Friday, 22 November 2013

Many different images of comet Ison or its orbital path were drawn in crops long before that comet was discovered by astronomers on Earth


Update 1. Detailed photographs of comet Ison taken in November  2013,  comparing what was drawn in crops months or even years beforehand, to what now appears in Earth’s night skies. 

Update 2. Comet Ison begins to show a small second “ion tail” 

For further information, see

By November 10, 2013, comet Ison clearly showed two “tails” (see 

Update 3. Comet Ison brightens suddenly with a long double tail on November 14, 2013 

“Naked-eye sightings of comet ISON are coming in from around the world. Experienced observers put the comet's magnitude at +5.5 on November 16. This means that it is now ten times brighter than it was three days ago. To the naked eye, ISON appears as a faint smudge of pale green light, low in the pre-dawn sky. The view through a telescope is more dramatic: the comet's tail has become a riotous crowd of gaseous streamers, which stretch for more than 3.5 degrees across the sky” (see of November 17, 2013): 

“With all of our reports and images of comet ISON in outburst, this latest image from photographer Damian Peach shows just how much activity is taking place as that comet races towards the Sun. ‘Hard to believe it is the same comet from my last photograph of November 10!’ Damian said via email. ISON’s tail is suddenly full of streamers and other features not seen before” (see or 

Comet Ison was drawn circling the Sun in 2009, just as it was drawn in 2013
In a crop picture from Milk Hill on June 2, 2009, comet Ison was drawn circling the Sun like a “large bird” in an anti-clockwise sense. We can also see there an inner clockwise rotation of the Sun about its own axis, in the same sense as planetary motions, with a 27-day Carrington period:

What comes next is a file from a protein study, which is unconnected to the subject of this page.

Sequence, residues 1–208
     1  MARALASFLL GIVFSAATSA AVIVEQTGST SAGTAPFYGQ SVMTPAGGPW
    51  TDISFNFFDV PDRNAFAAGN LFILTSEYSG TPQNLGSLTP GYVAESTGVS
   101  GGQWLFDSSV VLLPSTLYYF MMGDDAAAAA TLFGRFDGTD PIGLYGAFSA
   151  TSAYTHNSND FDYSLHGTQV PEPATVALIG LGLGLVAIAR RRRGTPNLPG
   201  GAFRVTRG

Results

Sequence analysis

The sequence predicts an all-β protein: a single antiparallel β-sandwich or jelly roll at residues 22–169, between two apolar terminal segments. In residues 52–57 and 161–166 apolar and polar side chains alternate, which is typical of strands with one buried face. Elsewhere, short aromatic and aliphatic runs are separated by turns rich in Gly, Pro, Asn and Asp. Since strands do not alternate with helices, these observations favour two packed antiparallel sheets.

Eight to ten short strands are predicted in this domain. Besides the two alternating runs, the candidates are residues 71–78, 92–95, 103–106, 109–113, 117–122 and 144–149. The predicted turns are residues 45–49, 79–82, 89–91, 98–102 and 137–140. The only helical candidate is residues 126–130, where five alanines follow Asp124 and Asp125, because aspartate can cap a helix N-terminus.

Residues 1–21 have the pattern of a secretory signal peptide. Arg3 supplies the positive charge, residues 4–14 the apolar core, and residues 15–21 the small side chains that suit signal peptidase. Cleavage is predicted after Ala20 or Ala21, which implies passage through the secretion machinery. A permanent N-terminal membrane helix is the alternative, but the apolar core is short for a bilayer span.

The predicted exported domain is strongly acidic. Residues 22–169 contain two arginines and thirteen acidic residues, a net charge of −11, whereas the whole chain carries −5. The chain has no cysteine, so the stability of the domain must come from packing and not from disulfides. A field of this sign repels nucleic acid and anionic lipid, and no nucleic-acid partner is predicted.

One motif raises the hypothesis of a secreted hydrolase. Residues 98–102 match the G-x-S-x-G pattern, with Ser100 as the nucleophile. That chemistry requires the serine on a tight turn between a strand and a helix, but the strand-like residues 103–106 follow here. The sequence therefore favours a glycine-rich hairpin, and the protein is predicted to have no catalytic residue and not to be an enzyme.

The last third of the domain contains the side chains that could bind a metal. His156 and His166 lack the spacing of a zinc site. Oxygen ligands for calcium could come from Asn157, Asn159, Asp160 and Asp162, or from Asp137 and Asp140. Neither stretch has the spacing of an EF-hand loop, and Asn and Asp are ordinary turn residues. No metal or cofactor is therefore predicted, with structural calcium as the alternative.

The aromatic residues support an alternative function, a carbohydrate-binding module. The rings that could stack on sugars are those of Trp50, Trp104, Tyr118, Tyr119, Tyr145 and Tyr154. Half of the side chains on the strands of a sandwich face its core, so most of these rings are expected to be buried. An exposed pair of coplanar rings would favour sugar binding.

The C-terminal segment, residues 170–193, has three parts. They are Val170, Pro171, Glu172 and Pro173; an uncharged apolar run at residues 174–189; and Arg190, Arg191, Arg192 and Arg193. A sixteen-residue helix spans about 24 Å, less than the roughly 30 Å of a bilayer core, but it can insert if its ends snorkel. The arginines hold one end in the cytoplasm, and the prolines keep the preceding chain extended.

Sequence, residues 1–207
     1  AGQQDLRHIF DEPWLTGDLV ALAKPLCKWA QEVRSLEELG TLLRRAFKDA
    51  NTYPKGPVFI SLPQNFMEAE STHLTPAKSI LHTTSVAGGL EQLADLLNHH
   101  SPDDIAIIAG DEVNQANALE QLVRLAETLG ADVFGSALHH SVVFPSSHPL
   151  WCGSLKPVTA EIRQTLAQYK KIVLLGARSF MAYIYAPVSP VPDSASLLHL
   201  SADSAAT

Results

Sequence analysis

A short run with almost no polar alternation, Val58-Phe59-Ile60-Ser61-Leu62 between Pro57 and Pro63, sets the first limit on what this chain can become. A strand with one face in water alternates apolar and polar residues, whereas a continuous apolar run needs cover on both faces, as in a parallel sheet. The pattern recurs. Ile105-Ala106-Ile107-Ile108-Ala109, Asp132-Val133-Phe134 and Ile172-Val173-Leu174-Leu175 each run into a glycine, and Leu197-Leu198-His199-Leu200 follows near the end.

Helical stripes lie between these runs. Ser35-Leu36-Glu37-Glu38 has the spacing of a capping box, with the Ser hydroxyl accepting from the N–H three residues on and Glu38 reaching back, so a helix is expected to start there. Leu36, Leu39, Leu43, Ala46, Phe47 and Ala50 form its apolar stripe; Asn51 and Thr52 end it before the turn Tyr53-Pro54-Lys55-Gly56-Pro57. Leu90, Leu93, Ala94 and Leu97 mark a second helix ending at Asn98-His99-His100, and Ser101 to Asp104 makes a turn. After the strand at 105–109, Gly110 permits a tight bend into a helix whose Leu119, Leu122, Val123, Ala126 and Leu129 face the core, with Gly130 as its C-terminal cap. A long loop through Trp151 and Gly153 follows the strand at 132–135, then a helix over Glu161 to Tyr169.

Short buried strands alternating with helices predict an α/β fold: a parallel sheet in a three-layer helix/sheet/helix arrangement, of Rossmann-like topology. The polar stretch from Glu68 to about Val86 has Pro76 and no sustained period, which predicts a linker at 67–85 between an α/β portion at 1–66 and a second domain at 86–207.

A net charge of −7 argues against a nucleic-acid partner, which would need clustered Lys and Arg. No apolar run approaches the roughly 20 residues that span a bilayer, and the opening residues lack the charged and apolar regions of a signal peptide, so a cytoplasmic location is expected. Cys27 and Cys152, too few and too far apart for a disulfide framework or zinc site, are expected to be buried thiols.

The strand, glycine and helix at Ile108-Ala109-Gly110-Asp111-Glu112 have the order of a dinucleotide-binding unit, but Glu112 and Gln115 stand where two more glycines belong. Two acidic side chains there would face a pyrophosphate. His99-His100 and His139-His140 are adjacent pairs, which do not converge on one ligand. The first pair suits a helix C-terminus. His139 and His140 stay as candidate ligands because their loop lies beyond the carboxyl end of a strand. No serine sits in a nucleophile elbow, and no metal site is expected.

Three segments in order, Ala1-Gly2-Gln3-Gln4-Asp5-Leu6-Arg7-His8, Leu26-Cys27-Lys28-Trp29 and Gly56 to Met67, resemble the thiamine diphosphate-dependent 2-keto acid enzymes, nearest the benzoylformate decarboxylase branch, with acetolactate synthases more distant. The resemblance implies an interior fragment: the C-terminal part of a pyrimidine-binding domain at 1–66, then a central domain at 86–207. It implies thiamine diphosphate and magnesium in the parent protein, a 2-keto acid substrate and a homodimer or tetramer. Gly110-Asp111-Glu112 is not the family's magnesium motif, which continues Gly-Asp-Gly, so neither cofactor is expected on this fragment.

In a crop picture from Etchilhampton on August 13, 2013, we can again see comet Ison circling the Sun in an anti-clockwise sense. The length of its tail, and speed of its orbit, seem to decrease during one full rotation. There may be a “giant sunspot” close to where comet Ison enters or leaves the Sun. 

A “giant sunspot” drawn near the centre of Etchilhampton on August 19, 2013 may be the source of a solar flare, at about the same time when comet Ison circles the Sun
Several “solar flare” or “giant sunspot” crop pictures were drawn in crops during the summer of 2009, along with multiple images of “comet Ison”. These were all shown three years before comet Ison was discovered by astronomers on Earth in September of 2012: 

Might this imply a solar flare at about the same time, when comet Ison circles the Sun? If so, which giant sunspot did they draw in August 2013? Currently the only giant sunspot is AR1899, but with eleven days still to go, the situation remains unpredictable (see of November 17, 2013).
One of their “solar flare” crop pictures (at top left) seems quite conventional. Another (at centre left) compares that solar flare to the “tail of a dragonfly”. A third crop picture (at bottom left) emphasizes that any flare arises from solar magnetism. Two symbols for “North N” or ”South S” magnetic poles were drawn above or below the length of the flare. A general symbol for the “right-hand rule of magnetism” was drawn on the right (as two “Siamese lizards”). The “round Sun” shows 17 small circles or spikes, to suggest possibly a Mayan date of (November 28, 2013).
On November 17, 2013, comet Ison grows “wings” as for a “bird in flight”  

At the end of each “wing”, we can see a series of symbols that end with two bars and three dots, meaning “Mayan 13”. Thus the time specified for this bird-like comet is now, as the first 360-day period after December 23, 2012.  
At the end of its long cometary “tail”, we can see an alien (or human) face which resembles that drawn at Cooks Plantation on August 23, 2013. 



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